Hunt’s precise production –– and guidance –– situated Burning Hotels as natural pop-rock songwriters extraordinaire perhaps despite their disco-floor aspirations and some songs’ danceable DNA. We’re not saying Burning Hotels want to be the next whoever-is-popular-in-techno-music-these-days, but the duo’s shimmering, snappy tunes do have a booty-shaking aspect to them. “Days Are Gone,” with its ping-ponging beat and plinking keyb’s, could set your bones to doing The Smurf, and “The Incident” powers down Rodeo Drive in a bitchin’ Camaro.
While a certain species of nostalgia has always found its way into the Hotels’ songs, it’s never been as pronounced as it is on Burning Hotels. Yes, Mooty and Morgan are getting older –– Mooty is a married father of a young boy, and Morgan is about to become the manager of a major venue, the new Moon (“The Moon Ridglea,” Sep 7, 2011). The guys aren’t over the hill by any stretch –– they’re only 26 –– but there’s something about the onset of 30 that sends some folks scrambling to establish some sort of stability. Settling down can be almost as scary as starting over, and with any sort of change, there’s always a soft spot for the way things were (at least the way the good things were).
In the swirling, upbeat “Days Are Gone,” the nostalgia becomes literal. “Remember when we used to sing / On Wednesday nights?” Morgan sings, his voice distant and scratchy. “I use to try to pick the songs / I know / She liked.” At one point, he also mentions “a silver cloak,” referring to the silver-painted walls of The Cellar, long a TCU staple for rowdiness. More memories are called on in the bittersweet midtempo number “Always,” in which Morgan sings, “So I remember things / Something out of a movie scene / … / The walls are stained / And drenched in blood / Forgetting memories of setting suns.”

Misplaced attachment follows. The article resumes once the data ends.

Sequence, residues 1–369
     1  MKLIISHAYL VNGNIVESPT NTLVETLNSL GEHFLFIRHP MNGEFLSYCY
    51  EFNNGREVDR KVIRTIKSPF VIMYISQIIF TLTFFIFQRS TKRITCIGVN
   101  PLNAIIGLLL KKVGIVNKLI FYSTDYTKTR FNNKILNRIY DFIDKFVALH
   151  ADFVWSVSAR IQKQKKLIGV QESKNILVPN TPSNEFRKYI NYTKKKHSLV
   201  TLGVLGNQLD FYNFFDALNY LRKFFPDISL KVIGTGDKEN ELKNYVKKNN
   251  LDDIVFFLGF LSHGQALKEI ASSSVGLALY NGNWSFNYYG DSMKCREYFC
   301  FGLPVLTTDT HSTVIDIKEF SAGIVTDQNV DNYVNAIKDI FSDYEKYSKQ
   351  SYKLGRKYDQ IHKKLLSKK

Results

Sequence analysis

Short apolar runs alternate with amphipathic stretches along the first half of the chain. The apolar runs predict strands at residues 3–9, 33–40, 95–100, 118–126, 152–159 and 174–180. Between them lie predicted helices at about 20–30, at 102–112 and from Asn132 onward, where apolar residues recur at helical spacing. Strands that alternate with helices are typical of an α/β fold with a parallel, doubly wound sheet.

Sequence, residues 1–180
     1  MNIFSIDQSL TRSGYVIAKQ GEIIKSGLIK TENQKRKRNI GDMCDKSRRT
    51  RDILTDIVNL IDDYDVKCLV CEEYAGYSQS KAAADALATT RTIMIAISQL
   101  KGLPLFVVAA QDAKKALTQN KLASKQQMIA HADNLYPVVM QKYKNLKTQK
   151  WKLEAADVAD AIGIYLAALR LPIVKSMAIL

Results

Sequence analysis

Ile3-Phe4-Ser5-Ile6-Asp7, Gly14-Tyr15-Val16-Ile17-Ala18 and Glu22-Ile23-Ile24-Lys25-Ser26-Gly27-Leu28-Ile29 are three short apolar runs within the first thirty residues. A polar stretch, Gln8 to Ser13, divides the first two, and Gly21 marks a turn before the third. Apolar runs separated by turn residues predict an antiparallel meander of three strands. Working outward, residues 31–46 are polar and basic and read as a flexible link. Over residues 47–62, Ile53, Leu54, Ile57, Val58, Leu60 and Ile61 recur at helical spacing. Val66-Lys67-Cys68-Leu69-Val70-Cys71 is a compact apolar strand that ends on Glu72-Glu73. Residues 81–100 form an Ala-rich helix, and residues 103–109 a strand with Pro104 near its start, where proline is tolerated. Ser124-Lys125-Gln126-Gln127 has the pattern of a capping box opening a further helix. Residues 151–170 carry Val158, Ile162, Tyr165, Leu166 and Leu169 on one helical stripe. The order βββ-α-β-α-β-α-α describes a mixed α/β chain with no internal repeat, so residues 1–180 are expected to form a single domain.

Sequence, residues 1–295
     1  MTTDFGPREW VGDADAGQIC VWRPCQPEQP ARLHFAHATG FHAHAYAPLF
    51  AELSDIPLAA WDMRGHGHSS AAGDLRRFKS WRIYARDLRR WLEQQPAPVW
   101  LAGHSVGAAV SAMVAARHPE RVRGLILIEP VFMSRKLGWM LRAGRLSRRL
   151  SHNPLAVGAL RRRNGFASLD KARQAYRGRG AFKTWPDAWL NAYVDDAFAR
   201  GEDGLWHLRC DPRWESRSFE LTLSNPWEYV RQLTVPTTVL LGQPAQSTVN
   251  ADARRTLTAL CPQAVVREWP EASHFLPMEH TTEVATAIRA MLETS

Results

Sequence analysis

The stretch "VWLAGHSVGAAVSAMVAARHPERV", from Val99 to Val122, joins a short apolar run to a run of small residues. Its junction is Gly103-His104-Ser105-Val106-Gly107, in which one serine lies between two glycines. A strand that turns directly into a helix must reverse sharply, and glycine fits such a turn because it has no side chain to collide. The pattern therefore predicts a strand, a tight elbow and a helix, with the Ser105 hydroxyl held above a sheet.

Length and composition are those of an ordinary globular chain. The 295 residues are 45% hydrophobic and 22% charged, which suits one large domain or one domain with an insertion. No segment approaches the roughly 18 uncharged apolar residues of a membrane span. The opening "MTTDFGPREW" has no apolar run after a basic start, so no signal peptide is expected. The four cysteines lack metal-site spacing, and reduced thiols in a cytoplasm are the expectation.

The Hotels’ melancholia also takes the form of dark tones and echoing, shimmering riffs (on keyb’s and electric guitar). On “The Incident,” the Hotels dance through some traditional Echo & The Bunnymen-ish and The Smiths-esque straightforwardness, nothing too offensive, before delivering the big payoff of the chorus, a delicious refrain sung passionately over a blindingly bright synth sonicscape, “When they come for you, come to meeeeee,” Morgan sings. “When you will run, run to meeeeee.”
Maybe the best song on the album is Morgan’s favorite, “Sound City,” a haunting but locomotive track that’s noteworthy not only for its lush, guitar-based riffage and sweet/sad chorus but also its origins –– Morgan sees the song as a culmination of his friendship with his childhood friend and lifelong collaborator, Mooty. “Once we did it, we listened back, and we were, like, ‘Holy shit.’ Just us coming together and being so connected. … Not to discount the older stuff, but I feel like this is our first record.”
Burning Hotels leaves you with the vague sense that you’ve spent a night in New York City with your loved ones and had a wonderful time reminiscing and going over old photos. The album’s the kind of piece of art that could be enjoyed for days on end, and the evocative highs and lows of the music can make you wish you were in love or could love more fully.